I live in south texas, last week we had a terrible heat wave, temperatures outside where in the 110F-115F range, I installed a wireless thermometer on the attic and it read 130F on the hottest days. Ac would not cut off when set at 77. Went to home depot, got a set of 3 sprinklers that you can connect in series, I had an extra 24v solenoid water valve around ...


9

A thermostat basically just energizes the individual circuits (G (fan), W (heat), Y(cool) ) which in turn (via the furnace controller) powers a relay which provides line voltage to the actual units (like the fan or A/C. In the case of heat, it instructs your furnace to open the valve supplying gas). R (or Rh and Rc) provides the 24VAC power. To turn on ...


9

It's not the efficiency which you get -- it's less dust in the air. Less dust equals better health in the long run. Lots of dust in the ducts is an indication of a bad air filter and/or leaks around the filter or in places where ducts join/turn. I'd look for that as well.


9

Necessary? No. More efficient? Yes. When the HVAC is centrally located the warmer/cooler air has less overall distance to travel to cover the entire house, as it's radiating out from the center. If you have noticed that one side of your house is less comfortable than the other, it may be worth the relocation. If the house is generally comfortable year ...


9

A properly functioning and properly sized central air conditioning unit should be able to maintain the temperature of your house at any reasonable temperature you select. The amount of cooling available is related to the size of the system, insulation in the house, and finally outside air temperature. From your description I would guess either you don't ...


8

Check your unit's warranty. The heat exchangers on some units are warranteed for 20 years or longer. You may be able to get at least some money from the manufacturer, or a credit toward a new unit of the same brand. They may also cover all or part of the installation labor. Find out whether there are any federal or state tax incentives that could help. A ...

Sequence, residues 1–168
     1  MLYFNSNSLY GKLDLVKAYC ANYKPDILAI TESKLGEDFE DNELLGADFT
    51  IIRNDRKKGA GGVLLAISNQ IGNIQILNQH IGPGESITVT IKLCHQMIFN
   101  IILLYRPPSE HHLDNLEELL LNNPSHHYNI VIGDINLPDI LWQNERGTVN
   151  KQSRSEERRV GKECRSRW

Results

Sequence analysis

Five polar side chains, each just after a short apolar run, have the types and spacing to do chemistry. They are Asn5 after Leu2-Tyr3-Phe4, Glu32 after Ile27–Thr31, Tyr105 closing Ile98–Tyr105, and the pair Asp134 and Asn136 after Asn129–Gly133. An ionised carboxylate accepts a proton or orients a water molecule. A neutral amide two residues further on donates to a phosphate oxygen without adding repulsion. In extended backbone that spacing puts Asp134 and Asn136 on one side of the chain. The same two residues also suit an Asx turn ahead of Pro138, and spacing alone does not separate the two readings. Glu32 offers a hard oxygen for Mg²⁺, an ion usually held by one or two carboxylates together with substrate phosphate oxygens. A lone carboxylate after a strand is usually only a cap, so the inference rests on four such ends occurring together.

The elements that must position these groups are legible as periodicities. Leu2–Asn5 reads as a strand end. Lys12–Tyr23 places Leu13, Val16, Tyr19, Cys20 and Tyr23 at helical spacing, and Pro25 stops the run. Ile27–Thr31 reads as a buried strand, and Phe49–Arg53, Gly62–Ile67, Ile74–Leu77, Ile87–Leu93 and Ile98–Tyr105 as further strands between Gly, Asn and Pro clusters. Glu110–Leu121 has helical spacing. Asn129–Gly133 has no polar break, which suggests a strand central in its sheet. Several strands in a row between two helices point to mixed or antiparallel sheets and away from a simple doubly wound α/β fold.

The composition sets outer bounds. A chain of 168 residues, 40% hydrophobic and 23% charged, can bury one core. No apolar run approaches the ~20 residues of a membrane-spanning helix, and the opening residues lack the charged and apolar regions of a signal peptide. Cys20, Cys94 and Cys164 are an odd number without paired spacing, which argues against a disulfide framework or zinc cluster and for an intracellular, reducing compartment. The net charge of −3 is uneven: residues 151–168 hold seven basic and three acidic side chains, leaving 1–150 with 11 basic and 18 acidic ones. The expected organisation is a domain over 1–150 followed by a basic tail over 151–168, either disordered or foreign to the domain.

8

High efficiency furnaces will make condensate. They run the air back through the hot exhaust to get more heat out. This also cools your exhaust enough to use PVC - that's what your upper line is. In the process of cooling the exhaust, you might get some condensation. Typically that's collected in a little sump tank. When the sump reaches a certain level, a ...


8

The device you linked to will work. You are essentially converting to a SPST "thermostat" from your current DPST thermostat. Some people feel a SPST thermostat is dangerous because the heating device is always connected to a hot leg of the power mains. Both legs are disconnected with a DPST device. Yet this SPST practice is common and acceptable in many ...


8

There are various degrees of a "zoned" HVAC system. A simple zoned system will include motorized dampers in the ducts to direct air where it is needed. e.g. If one room is too cold, but the other ones are fine, the system will shut the dampers to the other rooms, and then fire up the heater so just the one room is heated. More sophisticated zoning systems ...


8

For the ducts, the setting indicates where you should set the switch based on the season. If your house has separate air return ducts on different floors or even multiple ducts on the same floor, changing the setting changes which ducts pull air from the house, allowing lower ducts to suck cold air out in the winter and higher ducts to suck hot air out in ...